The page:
We consider trekking poles essential equipment on all of our hiking tours. Their advantages are simply too great to ingnore, from reduced stress on the knees, to enhanced stability on uneven terrain.
Just about every store with an outdoor section carries trekking poles, from $14 models at the neighborhood big box, to $200 investments at the local sports boutique. So how do we choose? Here’s a primer.
The Trekking Pole Advantage
Why do we use these things in first the place?
Reduced stress on knees and joints.
We find that long, steep descents often give hikers more trouble than climbing, and the number one reason is sore knees. Trekking poles offer a huge advantage. A 1999 study in The Journal of Sports Medicine, stated that trekking poles reduce compressive force on the knees by up to 25%.
A new 2010 study by Northumbria University showed that trekking poles help hikers maintain muscle function while significantly reducing muscle soreness in the days following a hike. Does this mean that we have to skip the post hike hot tub? Not at all.
A pair of trekking poles transforms a hiker from a monopod to a tripod or, more technically, from a biped to a quadruped. The added base provides stability on uneven and/or slippery terrain. Think mountain goat.
It’s a funny thing, but trekking poles really do help hikers find a natural rhythm. They might even help your singing career.
What To Look For
A trekking pole is basically a telescoping shaft with a grip on one end and a point on the other. The whole thing extends for hiking and collapses for storage and/or travel. That’s it. They’re usually sold in pairs, though it is possible to purchase individual poles, often referred to as walking staffs. For serious hiking trips like ours, hikers should always buy two poles.
- How light would you like your poles to be?
- Would you like your poles with shock absorption?
Most poles come with small baskets for summer hiking. Consider a pole with larger, interchangeable baskets if you plan to use your poles in the winter or in boggy, muddy conditions.
A Note About Fit
Summing It Up
- Decide how much you’d like to spend, and think hard about the amount of technology that you really need. If you don’t plan on using your poles on a regular basis, then you can probably get away with spending less. Are you a regular hiker? You’ll appreciate nicer poles. They really do make a difference.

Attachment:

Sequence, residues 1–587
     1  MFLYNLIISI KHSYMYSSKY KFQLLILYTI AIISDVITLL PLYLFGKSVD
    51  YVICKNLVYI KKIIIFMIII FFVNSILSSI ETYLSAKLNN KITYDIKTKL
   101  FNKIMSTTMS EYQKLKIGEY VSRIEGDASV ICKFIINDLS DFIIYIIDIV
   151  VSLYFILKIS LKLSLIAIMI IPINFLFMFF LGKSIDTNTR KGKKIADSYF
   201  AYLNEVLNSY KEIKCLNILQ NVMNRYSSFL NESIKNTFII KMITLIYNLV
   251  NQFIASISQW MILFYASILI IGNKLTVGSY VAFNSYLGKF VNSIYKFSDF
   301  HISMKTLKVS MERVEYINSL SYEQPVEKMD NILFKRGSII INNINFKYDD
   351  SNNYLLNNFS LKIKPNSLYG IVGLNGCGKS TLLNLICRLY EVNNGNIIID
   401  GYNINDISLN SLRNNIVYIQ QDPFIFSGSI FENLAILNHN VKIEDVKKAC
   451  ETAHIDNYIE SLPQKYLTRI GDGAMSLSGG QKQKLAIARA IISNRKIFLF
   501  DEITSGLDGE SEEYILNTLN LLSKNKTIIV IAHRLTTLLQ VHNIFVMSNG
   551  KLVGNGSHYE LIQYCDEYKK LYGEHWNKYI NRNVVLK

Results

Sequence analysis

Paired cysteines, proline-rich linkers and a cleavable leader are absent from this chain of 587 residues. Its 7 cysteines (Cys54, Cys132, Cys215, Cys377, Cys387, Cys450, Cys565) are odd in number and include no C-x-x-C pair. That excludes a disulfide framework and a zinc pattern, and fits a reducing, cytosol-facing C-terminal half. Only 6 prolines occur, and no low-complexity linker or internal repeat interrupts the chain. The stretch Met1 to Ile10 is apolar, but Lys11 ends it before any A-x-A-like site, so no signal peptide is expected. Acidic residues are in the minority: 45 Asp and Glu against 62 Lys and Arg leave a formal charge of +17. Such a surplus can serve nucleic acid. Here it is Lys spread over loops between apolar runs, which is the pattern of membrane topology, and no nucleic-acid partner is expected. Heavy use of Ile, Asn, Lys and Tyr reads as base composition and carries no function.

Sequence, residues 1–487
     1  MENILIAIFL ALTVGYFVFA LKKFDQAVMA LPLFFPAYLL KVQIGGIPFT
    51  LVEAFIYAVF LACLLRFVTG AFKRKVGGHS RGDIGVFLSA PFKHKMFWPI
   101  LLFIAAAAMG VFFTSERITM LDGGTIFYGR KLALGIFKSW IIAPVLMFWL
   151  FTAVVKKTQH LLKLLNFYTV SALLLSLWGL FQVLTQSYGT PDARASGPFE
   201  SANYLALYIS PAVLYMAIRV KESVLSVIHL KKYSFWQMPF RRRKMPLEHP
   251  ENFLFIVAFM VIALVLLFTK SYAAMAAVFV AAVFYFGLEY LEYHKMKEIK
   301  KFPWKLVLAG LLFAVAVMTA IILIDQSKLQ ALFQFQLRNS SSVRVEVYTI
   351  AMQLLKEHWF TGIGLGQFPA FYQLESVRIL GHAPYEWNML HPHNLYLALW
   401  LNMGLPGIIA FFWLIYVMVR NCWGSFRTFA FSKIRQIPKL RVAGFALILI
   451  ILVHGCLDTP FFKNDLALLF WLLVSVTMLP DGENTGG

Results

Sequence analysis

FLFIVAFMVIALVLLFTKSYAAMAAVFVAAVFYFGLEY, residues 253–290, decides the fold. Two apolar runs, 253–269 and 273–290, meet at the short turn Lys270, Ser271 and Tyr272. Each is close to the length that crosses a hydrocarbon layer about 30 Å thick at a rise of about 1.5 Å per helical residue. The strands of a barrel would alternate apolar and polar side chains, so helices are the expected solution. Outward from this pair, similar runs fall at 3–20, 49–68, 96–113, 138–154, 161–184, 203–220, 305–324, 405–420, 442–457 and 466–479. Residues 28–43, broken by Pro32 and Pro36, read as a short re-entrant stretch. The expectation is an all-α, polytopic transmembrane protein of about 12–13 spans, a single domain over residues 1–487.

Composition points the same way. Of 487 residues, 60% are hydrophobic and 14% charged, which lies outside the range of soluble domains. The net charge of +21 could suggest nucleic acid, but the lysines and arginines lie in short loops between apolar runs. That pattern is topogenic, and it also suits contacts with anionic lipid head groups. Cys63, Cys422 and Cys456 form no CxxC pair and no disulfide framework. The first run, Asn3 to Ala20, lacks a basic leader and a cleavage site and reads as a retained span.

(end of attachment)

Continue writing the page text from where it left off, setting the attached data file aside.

- Try before you buy. Visit a few outdoor shops and play with as many styles as you can. Pick the pole that feels good and fits your style. Test the locking mechanisms. Adjust the straps. Extend and collapse the poles. You’re more likely to use your poles if they’re fun and easy to use. (Note: this step might actually encourage you to spend a bit more). In fact, try the ultra cheap models and see if you notice a difference. We do.
- Check out a few of our favorite brands. (Note: We do not receive compensation from these companies). Our guides have field tested these brands and they like them. That’s all.
Quick Tips and General Trail Etiquette
These are some of the most common tidbits that we’ve encountered along the trail.
- Remove the protective caps before hiking. Some trekking poles feature removable rubber tips for low impact hiking or use on pavement. These rubber tips are different from the thin plastic caps that accompany new poles. Remove the thin plastic caps before hiking, or the trail will remove them for you.
- For quick trail fixes, wrap a long piece of duct tape around the shaft. Wrap the tape over itself a few times and you’ll have spare duct tape whenever you need it.
- Self-adjusting poles do not adjust by themselves. You, with your own hands, adjust your poles. Futuristic trekking poles will probably monitor terrain and adjust on their own. They might even brew espresso while you hike. We’re not there yet.
- To adjust trekking poles with screw type locking mechanisms remember this: to loosen the expander, hold the lower section of your pole rigid, with tip pointed down. Spin the upper section to the left. To tighten; hold the lower section rigid while spinning the upper section to the right. See our previous post about maintenance and jammed expanders.
- Be conscious of those around you. This means collapsing your poles and carrying them close to the body when not in use. Better yet, collapse and stow your poles in your pack with the tips down. Nobody likes a trekking pole in their eye.
- Reduce your environmental impact. One hundred hikers with trekking poles will leave 200 little marks along the trail. Two hundred hikers will leave 400 marks. Four hundred hikers…you get the picture. Try to keep your poles on the trail as much as possible, and avoid sensitive areas. Likewise, go easy on the rocky sections. Marks in the dirt eventually wash away. Scratches on rock take a lot longer to disappear.